Tens years ago, state officials confirmed that the sprawling Northwest Georgia Regional Hospital in Rome would be shuttered.
The hospital was one of the state-run mental health facilities at that time and was closed as part of a settlement agreement with the U.S. Department of Justice regarding treatment of patients in the state’s seven psychiatric hospitals.
State and local leaders have been trying to figure out what to do with the 130-acre property near Redmond Circle ever since.
Last year the state did not include ongoing maintenance funds for the hospital site. That changed Thursday when the budget submitted by Gov. Brian Kemp included $4 million for what State Rep. Eddie Lumsden classified as basic upkeep.
The primary obstacle to any kind of deal regarding the property has always been state-bonded indebtedness on the property.
Rep. Katie Dempsey, R-Rome, said the state is simply not in a position to give away the property.
“We’re closer now than we were a year ago,” Dempsey said. “The brightest spot is that the bond has been reduced and that is going to make it more possible.”
In late September of last year, that debt was $2.63 million. Officials at the State Properties Commission, as well as the House State Properties committee, did not respond to a request from the Rome News-Tribune on Friday for an update on the debt.
As part of an earlier attempt to sell the property, the state gave the city of Rome an option to purchase the property. But that option expired in June 2017.
The property was envisioned as a place that could generate between 2,000 and 3,000 jobs and local taxes of between $1.2 million and $1.4 million annually.
The team of consultants recommended a mixture of advanced manufacturing, high-tech industry, medical, multi-family residential uses along with a limited amount of retail space.
Nothing ever came to fruition even though the city hired consultants who developed a mixed-use, master plan for the property which is valued on Floyd County tax maps at $8.24 million.
In April 2019 a licensing agreement was revealed between the state and Global Impact International, led by Jeff and Mary Margaret Mauer, who conducted a press conference in the chapel of the former state hospital to discuss plans for a HOPE Village.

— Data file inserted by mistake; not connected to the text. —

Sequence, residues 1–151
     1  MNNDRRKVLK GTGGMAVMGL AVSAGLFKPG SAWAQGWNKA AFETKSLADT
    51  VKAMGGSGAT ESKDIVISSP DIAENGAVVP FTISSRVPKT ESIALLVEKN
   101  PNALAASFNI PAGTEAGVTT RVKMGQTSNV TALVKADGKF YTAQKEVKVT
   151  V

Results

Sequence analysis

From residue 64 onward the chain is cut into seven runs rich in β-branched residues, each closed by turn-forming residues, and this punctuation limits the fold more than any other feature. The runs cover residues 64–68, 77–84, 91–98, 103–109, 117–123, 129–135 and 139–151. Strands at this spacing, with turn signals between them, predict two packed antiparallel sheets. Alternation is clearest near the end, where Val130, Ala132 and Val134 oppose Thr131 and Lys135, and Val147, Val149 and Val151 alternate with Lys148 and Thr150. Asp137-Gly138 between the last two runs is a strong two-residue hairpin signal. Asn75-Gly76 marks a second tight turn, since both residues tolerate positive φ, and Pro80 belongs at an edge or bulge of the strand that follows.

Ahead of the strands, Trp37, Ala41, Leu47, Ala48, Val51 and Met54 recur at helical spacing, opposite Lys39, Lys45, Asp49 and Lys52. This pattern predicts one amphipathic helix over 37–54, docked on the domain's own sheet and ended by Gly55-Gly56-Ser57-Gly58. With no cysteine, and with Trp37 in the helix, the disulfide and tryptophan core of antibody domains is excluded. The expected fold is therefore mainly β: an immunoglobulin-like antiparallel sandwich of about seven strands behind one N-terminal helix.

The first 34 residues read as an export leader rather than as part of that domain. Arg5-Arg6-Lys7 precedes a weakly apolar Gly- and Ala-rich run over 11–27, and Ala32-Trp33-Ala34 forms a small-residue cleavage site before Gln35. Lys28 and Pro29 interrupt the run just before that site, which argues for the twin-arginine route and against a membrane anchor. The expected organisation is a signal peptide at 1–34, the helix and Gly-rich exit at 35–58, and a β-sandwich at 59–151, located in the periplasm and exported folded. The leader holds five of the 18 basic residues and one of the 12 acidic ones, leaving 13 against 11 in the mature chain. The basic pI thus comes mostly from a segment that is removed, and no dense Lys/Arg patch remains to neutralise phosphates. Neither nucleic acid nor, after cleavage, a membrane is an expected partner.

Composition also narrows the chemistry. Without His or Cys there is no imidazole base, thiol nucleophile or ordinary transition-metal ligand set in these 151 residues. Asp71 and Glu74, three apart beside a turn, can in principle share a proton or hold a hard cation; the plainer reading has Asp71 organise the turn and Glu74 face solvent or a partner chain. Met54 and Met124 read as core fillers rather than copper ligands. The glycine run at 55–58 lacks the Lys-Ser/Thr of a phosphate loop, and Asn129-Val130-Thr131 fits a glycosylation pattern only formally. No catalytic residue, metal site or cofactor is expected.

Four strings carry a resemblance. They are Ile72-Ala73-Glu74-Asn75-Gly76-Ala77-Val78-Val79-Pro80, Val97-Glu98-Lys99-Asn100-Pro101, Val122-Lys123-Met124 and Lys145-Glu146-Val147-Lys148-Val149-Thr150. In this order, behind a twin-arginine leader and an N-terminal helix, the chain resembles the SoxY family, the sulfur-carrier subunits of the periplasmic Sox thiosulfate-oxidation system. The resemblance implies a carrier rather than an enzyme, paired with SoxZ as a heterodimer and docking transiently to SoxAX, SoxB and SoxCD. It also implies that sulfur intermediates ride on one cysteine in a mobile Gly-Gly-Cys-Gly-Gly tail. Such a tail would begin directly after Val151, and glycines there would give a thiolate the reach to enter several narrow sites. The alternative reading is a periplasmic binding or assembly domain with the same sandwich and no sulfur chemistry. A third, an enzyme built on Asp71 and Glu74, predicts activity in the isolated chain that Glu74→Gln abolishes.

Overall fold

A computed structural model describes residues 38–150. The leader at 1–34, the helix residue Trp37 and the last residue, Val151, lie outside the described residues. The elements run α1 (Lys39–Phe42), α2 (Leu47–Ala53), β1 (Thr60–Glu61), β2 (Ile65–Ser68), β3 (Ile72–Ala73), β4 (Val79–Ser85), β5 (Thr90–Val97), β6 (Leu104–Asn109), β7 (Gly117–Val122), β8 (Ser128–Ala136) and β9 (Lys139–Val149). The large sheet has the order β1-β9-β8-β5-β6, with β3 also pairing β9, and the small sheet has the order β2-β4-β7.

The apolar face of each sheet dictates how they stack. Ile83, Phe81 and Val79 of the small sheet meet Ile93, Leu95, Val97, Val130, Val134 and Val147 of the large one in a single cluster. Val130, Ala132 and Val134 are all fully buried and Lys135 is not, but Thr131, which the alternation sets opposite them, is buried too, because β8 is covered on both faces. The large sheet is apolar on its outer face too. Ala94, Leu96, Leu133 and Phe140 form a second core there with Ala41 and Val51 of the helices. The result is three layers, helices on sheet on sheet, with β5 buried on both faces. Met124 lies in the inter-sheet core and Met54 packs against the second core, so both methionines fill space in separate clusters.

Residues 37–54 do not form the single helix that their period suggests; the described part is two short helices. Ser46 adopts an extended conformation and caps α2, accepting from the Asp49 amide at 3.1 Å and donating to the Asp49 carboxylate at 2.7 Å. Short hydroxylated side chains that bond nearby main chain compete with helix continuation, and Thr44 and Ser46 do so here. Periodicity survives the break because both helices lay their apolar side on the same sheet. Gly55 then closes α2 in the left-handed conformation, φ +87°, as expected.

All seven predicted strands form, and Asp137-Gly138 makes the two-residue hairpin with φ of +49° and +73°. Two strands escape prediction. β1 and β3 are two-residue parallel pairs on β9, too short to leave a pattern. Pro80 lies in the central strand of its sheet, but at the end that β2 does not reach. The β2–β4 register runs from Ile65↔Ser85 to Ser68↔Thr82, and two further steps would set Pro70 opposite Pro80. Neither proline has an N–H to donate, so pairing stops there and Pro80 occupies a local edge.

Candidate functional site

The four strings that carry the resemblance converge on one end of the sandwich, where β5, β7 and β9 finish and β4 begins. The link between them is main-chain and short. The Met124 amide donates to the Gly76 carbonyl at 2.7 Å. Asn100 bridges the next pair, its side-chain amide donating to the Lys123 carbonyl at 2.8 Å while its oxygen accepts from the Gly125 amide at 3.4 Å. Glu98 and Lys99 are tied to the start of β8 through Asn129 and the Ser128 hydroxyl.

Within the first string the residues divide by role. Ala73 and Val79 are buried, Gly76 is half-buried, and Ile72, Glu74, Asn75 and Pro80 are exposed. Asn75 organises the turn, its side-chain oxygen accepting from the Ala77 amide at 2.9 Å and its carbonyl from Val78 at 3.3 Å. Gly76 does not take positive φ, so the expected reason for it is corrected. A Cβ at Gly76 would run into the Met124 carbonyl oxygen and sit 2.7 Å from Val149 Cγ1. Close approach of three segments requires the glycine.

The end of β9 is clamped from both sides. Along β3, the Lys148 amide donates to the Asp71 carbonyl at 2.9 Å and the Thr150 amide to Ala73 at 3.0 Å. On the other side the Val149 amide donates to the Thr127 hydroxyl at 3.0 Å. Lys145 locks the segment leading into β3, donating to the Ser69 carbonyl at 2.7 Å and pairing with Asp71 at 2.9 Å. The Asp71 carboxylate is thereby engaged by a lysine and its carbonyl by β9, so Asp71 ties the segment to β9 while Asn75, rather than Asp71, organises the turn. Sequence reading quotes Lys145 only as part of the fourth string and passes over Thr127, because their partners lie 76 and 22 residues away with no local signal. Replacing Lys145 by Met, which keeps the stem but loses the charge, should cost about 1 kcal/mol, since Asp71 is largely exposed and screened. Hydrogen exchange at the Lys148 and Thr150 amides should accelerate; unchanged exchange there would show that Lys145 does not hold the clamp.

Their concept involves the creation of a massive site that would be the point of delivery for a wide variety of social services.
However, since then nothing physically has changed at the hospital.
This week Rome City Manager Sammy Rich and Floyd County Manager Jamie McCord, during their State of the Community program, each stressed the importance of the hospital property to the community.
Rich offered up images from the mixed-use recommendations of the consultants and never made mention of the HOPE Village project.
Friday, Global Impact Jeff Mauer said that his organization was still moving full steam ahead with their project.
“It’s absolutely something that we’re still working with the state on,” Mauer said. “I know that the development authority had interest in the property back when and I understand they’ve had some recent developments that may have rekindled that.”
If the city and county have interest it’s their prerogative, Mauer said, but that it hasn’t in any way slowed down plans for HOPE Village.
During his HOPE Village kick-off press conference, Mauer introduced former Kentucky Gov. Ernie Fletcher who has been intimately involved in the development of similar facilities in the Bluegrass State.
The Fletcher Group was brought into the project largely for the purpose of providing assistance with both service delivery based on their Kentucky model, and expertise in fundraising.
What is clearly apparent is that funds have not been generated by any interested party to overcome the state debt on the property.
The property is large enough for it to be possible that the Mauer group could take a portion of the property for HOPE Village, Dempsey said, while other portions of the property could be available for tax generating purposes.